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LOOK: Art as emotional liberation

by Gaby Agbulos

ON February 17 to 18, the Good Intentions Collective held the “Twin Flames: Valentines Art and Collectibles Market” over at Ayala Malls the 30th. They had promised their eventgoers a number of things: tarot readings, collectibles, and of course, loads and loads of art.

I have always frequented local art events: I just came from Komiket a few weeks back, for example, and would often visit museums and galleries like Vinyl on Vinyl. I know I am no expert on the subject, but I enjoy it nonetheless.

Despite how much I frequent events like these, however, I never seem to get used to just how much emotion I feel as I walk through rows and rows of artworks, the hearts of so many artists shown right on their sleeves – or rather, on their canvases. 

This is the feeling I get any time I attend an art event: an explosion of every feeling, coming from everywhere, all at once. 

Canvases to express emotion

The use of art as a means of dealing with your emotions is no new concept. This is, arguably, what art was made for. 

One such example of this is the art installation that went viral on TikTok. It was created by Sun Yuan and Peng Yu, and aptly titled “Can’t Help Myself.” 

It features a machine surrounded by red liquid, and all this machine does is spend the entire day cleaning this mess up over and over again, not seeming to realize that no such progress of cleaning said mess will ever be made. 

Despite it only being a machine, many found themselves heavily relating to it, even commenting on how tired the machine looked after doing the same thing, perhaps for the rest of its existence.

Another example that I hold particularly close to my heart is a comic made by artist Lynda Barry. Here, a mother and son are seen looking at a painting of two people placed up in a museum.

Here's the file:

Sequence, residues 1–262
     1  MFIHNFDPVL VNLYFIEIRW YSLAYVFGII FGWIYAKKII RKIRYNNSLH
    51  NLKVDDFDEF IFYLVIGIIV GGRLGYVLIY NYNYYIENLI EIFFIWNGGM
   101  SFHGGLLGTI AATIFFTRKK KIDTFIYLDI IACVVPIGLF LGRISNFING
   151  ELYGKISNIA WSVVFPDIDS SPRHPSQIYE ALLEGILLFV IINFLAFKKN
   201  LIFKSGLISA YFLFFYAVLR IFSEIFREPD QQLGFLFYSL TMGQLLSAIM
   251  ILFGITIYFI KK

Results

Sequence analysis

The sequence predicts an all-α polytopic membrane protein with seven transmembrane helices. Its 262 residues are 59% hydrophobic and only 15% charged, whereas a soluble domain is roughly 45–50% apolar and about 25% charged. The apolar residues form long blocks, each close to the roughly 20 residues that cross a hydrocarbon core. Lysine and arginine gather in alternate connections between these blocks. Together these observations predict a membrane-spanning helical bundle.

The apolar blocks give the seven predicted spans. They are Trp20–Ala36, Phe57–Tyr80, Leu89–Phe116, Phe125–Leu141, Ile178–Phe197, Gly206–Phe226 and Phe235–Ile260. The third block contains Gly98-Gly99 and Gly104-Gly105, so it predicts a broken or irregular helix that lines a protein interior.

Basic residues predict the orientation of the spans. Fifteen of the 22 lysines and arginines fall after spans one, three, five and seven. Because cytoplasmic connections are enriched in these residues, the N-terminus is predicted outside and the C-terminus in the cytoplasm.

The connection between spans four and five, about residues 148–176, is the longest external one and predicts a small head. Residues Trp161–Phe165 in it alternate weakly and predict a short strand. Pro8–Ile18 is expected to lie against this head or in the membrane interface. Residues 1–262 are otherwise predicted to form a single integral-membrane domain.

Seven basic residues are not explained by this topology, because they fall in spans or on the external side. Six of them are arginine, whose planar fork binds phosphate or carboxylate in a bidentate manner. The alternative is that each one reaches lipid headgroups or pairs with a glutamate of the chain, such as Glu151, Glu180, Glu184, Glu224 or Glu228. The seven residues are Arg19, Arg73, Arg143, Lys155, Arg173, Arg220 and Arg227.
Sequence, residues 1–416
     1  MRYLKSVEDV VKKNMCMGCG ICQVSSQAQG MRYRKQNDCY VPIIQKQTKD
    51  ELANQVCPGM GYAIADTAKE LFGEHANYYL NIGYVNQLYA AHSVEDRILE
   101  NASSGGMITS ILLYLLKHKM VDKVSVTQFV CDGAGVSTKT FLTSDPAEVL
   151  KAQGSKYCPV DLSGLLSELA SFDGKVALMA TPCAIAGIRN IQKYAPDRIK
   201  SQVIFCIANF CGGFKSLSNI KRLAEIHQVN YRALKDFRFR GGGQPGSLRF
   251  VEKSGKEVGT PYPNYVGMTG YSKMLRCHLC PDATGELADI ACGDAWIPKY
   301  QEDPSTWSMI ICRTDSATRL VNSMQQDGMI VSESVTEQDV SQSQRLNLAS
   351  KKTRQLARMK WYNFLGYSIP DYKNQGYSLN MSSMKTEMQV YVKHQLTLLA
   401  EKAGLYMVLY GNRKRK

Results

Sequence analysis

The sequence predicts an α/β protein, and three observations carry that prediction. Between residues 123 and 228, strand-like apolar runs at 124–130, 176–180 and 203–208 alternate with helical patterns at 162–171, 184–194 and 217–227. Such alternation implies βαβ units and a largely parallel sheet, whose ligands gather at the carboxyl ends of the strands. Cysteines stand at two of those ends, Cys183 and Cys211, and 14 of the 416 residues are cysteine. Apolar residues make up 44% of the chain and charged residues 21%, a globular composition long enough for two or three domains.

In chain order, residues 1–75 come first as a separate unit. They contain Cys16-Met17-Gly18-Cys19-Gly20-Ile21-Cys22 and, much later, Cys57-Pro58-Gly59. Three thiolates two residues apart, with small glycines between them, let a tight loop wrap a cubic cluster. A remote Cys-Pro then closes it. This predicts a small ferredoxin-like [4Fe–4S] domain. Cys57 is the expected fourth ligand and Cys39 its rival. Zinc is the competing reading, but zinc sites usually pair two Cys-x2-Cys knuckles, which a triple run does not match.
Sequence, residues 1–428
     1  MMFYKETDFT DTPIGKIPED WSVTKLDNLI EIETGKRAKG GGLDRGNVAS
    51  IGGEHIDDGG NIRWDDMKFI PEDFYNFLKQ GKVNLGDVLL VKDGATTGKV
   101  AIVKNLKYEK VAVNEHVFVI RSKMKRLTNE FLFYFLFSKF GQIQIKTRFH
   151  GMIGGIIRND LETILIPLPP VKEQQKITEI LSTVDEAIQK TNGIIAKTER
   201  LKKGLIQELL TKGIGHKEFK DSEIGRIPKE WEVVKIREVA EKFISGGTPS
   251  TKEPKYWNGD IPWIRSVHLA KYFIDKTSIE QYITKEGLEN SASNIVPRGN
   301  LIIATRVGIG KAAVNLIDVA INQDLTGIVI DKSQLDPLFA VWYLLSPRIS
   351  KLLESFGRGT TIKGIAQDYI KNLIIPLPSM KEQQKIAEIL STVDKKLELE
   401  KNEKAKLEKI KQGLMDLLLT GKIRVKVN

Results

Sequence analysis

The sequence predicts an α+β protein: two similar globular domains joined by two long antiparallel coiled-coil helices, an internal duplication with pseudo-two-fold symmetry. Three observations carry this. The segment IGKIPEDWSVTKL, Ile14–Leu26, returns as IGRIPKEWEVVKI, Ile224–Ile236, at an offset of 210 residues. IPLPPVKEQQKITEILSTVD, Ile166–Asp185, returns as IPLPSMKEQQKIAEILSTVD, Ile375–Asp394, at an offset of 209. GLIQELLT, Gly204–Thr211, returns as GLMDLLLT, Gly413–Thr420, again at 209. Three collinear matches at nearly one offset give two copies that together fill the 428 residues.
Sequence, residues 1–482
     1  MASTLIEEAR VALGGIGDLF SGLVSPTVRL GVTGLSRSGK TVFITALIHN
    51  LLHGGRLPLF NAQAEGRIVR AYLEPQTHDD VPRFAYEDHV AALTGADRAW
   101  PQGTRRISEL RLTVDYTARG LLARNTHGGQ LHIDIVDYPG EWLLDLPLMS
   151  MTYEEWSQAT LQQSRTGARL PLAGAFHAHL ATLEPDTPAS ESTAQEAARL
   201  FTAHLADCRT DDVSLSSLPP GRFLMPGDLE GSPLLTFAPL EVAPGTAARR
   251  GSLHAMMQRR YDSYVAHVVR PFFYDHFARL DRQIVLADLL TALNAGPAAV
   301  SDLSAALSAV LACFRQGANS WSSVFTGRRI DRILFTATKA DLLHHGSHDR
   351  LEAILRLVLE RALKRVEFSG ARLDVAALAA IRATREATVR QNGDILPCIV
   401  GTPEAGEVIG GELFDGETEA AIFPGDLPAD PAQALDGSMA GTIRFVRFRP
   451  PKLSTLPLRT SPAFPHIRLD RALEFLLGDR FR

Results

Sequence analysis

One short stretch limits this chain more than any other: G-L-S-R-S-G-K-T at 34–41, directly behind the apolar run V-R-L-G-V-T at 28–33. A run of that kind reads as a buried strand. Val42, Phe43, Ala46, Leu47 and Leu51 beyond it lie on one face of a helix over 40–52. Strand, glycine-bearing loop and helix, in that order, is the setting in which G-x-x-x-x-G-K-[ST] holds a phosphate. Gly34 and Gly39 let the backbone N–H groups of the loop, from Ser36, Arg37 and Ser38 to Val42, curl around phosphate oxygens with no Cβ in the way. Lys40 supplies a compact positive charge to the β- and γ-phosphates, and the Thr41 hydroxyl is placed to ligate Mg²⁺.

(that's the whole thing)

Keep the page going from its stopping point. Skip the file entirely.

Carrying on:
The mother tells her son, “I’m not sure how to look at art.”

The son replies: “What’s s’posta happen?” 

She replies, “Something big. A revelation. Suddenly you just understand… not sure how to make it happen.”

The son then says, “How ‘bout lift me up so I can see better?’

Then she does. And at that moment, they are a splitting image of the painting they’re looking at: a simple but touching photo. Though there are many ways to interpret this comic, I like to think that it means that we are the ones that give meaning to art; we are the ones that fill it with emotions, that make it special. 

We, the creators, are what make art whole.

Credits: Lynda Barry

We have seen this through history time and time again: we are moved by Da Vinci’s paintings knowing that he was on the verge of suicide as he was making them, or are intrigued by the girl with the pearl earring, or even by “Mona Lisa.”

And though I frequent art exhibits, museums, and cons like that of “Twin Flames,” I feel like you never really get used to that feeling – especially when it’s a smaller, more intimate kind of event. It’s enamoring, really: to be in a room so small but to be able to feel so much, all at once.